In June 1991, the INS mailed notice to Soler informing him of the final hearing on his petition before a USDC in which he was to participate and to take the oath of citizenship. It was returned to the INS. The INS twice more sent notices to Soler's previous address that were returned without his receiving them. In January 1993, the INS notified another final hearing on his petition. In September 1993, INS notified a hearing before the USDC to consider the INS's recommendation that Soler's petition be denied for lack of prosecution. In December 1993, the USDC denied Soler's application.
In May 1992, David Sebastian-Soler began a criminal career that lasted until November 1995, and culminated in his seven-count felony conviction in May 1997. Petitioner was convicted for "Conspiracy to transport, receive and sell Stolen Goods in Interstate and Foreign Commerce" and "Transportation of Stolen Goods in Interstate Commerce".
After October 1990, David Sebastian-Soler did not inquire about the status of his naturalization petition until over nine years later --- in June 2000, while he was serving a 77-month sentence in federal prison for his felony convictions. On Soler's release in September 2002, the INS initiated removal proceedings due to Soler's commission of an aggravated felony. The IJ sustained the charge of removability; found Soler ineligible for relief or asylum; and ordered his removal to Cuba. On appeal the BIA summarily affirmed the IJ's decision, making it the final agency determination on the matter. In May 2005, the USCA dismissed Soler's appeal. However, thanks to the 2005 SCOTUS decision, Soler presumably was released after being held for removal for only six months.
FLORIDA v. BLANCO (1982) was a 1982-2008 Florida murder court decision. (Yes, that's 26 years, and millions of dollars, in wasted time and expense of one state and federal lawsuit after another.) Omar Blanco is another Cuban Jehovah's Witness dumped onto Florida's shores during the 1980 Mariel boatlift, when he was approximately 30 years old. Omar Blanco was reared in Cuba as a Jehovah's Witness by Jehovah's Witness Parents, who reportedly over the years suffered much "persecution" for their WatchTower beliefs. Omar Blanco reportedly also personally suffered "persecution" due to his being a Jehovah's Witness, including one or more jail/prison terms, as reported by a fellow Cuban JW. Little is known about Blanco's adulthood in Cuba, except that he had a wife, or possibly ex-wife, and one or more children. (Blanco remarried after arriving in the United States.) Given that no family accompanied him in 1980, it is a good possibility that he was serving jail/prison time (for what is anyone's guess) when he was shipped to the United States.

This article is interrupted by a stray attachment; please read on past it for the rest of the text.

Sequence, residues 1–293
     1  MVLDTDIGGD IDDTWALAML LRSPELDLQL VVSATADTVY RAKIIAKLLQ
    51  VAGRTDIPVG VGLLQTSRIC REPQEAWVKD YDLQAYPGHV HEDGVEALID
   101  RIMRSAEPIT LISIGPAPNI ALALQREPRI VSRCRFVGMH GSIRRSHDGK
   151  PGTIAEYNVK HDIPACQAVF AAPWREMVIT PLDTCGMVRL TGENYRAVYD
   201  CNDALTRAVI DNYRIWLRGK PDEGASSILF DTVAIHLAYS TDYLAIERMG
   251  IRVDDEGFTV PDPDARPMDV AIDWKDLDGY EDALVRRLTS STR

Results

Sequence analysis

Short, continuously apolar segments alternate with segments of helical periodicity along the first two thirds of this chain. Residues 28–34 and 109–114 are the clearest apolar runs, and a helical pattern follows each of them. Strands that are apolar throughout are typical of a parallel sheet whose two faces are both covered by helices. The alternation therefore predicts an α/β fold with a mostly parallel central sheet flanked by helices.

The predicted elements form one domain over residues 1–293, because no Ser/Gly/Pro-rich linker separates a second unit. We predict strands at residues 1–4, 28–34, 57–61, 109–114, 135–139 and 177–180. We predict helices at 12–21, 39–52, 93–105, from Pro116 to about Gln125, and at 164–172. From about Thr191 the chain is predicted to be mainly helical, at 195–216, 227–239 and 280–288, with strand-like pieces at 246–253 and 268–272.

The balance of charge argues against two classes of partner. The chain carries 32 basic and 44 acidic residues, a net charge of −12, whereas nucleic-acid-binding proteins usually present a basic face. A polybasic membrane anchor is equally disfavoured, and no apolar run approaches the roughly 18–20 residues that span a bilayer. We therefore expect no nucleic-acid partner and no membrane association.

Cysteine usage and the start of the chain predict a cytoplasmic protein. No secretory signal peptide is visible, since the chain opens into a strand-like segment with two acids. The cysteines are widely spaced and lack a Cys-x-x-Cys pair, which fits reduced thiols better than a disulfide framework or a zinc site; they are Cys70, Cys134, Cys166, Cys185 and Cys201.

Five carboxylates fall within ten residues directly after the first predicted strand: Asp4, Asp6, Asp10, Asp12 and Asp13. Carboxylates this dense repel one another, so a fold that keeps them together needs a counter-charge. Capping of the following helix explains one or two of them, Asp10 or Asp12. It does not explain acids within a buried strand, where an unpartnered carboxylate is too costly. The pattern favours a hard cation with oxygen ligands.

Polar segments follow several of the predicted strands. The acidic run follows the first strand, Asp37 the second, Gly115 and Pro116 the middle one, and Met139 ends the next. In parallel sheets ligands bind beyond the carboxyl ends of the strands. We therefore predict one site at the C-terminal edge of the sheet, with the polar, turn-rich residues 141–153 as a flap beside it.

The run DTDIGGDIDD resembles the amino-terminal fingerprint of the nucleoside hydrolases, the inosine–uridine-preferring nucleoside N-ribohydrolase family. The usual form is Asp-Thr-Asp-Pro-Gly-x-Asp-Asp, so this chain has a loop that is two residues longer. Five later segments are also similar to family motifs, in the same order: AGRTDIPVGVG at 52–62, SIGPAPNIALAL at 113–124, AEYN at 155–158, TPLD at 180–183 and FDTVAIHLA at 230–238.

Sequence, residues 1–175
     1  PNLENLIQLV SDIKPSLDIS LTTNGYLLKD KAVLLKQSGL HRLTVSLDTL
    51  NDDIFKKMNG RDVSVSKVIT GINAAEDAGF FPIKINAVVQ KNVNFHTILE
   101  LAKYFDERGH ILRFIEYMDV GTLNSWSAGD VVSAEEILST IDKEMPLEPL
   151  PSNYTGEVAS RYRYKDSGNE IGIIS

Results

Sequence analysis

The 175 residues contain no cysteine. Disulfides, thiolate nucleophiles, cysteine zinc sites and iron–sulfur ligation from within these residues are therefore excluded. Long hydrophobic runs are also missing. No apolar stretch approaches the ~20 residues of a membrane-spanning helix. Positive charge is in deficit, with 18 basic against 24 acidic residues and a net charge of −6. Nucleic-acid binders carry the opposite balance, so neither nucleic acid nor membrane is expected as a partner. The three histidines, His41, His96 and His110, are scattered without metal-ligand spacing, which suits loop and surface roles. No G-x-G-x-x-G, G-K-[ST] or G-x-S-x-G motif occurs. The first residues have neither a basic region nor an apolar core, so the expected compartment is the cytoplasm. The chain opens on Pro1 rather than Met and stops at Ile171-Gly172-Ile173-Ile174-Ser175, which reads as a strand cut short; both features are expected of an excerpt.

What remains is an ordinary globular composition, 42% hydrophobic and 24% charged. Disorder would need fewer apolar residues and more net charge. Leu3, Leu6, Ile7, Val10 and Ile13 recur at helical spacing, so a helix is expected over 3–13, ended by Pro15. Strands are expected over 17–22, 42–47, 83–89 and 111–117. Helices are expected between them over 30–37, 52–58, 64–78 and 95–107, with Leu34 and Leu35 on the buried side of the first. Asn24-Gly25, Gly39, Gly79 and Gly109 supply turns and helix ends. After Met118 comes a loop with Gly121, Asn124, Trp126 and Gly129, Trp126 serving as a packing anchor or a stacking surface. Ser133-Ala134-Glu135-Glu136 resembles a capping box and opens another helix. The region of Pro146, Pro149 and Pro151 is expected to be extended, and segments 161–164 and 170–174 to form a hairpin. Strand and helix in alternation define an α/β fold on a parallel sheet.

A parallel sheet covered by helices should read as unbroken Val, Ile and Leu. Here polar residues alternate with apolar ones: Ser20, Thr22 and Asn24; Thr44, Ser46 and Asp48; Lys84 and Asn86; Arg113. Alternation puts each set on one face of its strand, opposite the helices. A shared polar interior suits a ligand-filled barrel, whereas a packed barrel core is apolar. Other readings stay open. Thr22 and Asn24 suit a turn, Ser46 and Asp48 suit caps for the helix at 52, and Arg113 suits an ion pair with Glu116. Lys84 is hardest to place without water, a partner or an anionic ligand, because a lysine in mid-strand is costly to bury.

FLORIDA v. BLANCO (1981). Limited details. In 1981, Omar Blanco was convicted of armed robbery. Given the following, Blanco evidently did little or no jail/prison time for that conviction. Great call by that judge.
On January 14, 1982, at around 11:00 PM, Omar Blanco illegally entered the Fort Lauderdale home of John Ryan. Ryanís 14 year-old niece was in bed reading when she saw Blanco standing in the hallway, holding a gun, and carrying a brown purse under his arm. Blanco entered her bedroom, told her to stay quiet, and then cut the telephone wires in her room. As Blanco left the room into the hallway, he immediately encountered John Ryan. A struggle ensued during which Blanco shot Ryan. Ryan fell onto the bed, where Blanco shot Ryan six more times before fleeing the home. Blanco left behind his purse, which contained his personal ID. Blanco was apprehended shortly after the murder about a mile and a half from the crime scene. Blanco also was positively identified by the niece. In a June 1982 jury trial, Omar Blanco was convicted of armed burglary, and first degree murder, and was sentenced to the death penalty for the murder of John Ryan.
From 1982 until present, American taxpayers have footed the bill for appeal after appeal, in both state and federal courts. Blanco lost every appeal in state court, until in 1988 and 1991, when two Florida federal judges overturned (and affirmed) his death sentence on the grounds of ineffective counsel. In 1997, in a second state sentencing hearing, Blanco was again sentenced to death, and that sentence was affirmed after multiple appeals. The game is ongoing, and even the latest 2007 Florida Supreme Court decision against Blanco is likely not the last that they have heard from him.
Given that approximately 20% of "Muriel Cubans" admitted to the I.N.S. to having criminal records in Cuba, and given that the percentage of "Muriel Cubans" has been estimated by some as having included a "significant percentage" of Jehovah's Witnesses, it is anyone's guess as to how many similar cases exist.